Following the end of the Cold War in the 1990s, the economy slumped, as much of it relied on the military production and research budgets. The growth of bio-technology, however, brought considerable stability, as San Diego’s long history with research and development attracted a strong biotech market. The city is now a major player in global biotechnology.

The suburbanization of the city began to slow, and the higher salaries San Diego commanded provided ample opportunity for urban renewal. Several districts, such as the Gaslamp Quarter and the East Village, were treated to major renovations, and the city supported the construction of such major undertakings as the San Diego Convention Center, PETCO Park and Horton Plaza. The skyline saw great change, with the construction of skyscrapers and high rise residences.

In the early years of the new millennium, San Diego residents suffered from a pension fund scandal amounting to a nearly 1.5 billion dollar shortfall. Several politicians were convicted of accepting bribes, and the mayor resigned.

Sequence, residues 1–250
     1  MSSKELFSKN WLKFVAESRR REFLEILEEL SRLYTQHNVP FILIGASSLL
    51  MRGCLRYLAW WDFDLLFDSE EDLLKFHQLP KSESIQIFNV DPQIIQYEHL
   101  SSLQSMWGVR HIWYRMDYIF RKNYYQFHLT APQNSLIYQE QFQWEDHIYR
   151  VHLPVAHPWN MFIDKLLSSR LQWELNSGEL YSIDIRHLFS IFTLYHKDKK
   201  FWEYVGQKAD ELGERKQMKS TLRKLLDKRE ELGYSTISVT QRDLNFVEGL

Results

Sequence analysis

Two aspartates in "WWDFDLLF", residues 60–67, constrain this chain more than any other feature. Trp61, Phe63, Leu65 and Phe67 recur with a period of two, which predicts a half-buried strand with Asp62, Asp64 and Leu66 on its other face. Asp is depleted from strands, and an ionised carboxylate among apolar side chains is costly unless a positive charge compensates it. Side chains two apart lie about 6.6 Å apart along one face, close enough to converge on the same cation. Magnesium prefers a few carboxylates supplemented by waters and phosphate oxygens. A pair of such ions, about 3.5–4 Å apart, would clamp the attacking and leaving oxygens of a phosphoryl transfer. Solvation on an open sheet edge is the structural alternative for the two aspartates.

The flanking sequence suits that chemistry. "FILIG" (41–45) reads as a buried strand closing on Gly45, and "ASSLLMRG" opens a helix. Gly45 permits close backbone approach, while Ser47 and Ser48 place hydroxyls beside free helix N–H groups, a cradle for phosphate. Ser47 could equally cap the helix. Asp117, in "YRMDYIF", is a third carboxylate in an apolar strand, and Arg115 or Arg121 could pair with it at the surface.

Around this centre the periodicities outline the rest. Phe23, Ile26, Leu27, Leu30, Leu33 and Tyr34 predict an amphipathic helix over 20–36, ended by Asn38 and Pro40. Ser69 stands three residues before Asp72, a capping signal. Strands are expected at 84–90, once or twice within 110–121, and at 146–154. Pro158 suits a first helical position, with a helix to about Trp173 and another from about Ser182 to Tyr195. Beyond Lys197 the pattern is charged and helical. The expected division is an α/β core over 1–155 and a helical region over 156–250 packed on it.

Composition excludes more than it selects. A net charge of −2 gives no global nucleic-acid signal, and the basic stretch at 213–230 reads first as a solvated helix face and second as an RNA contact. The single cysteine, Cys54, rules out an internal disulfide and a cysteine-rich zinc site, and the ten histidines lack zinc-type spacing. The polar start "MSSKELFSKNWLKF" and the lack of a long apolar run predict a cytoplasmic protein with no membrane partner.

It did not take long for San Diego to regroup after these setbacks, and the city passed one million residents. The proudly multicultural population enjoys a rising economy, one of the lowest crime rates in the nation, and a growing tourism industry, drawn by the many historical and modern attractions. Among them, Seaworld San Diego, Legoland and the San Diego Zoo are the most renowned. The city also supports many popular annual festivals and conventions, from the Street Scene music Festival to the San Diego Comic Con, a comic and graphic novel based convention that draws visitors from around the world for one of a kind events, celebrity sightings and rare collectible merchandise.


Power: 120 V, 60 Hz

Languages: English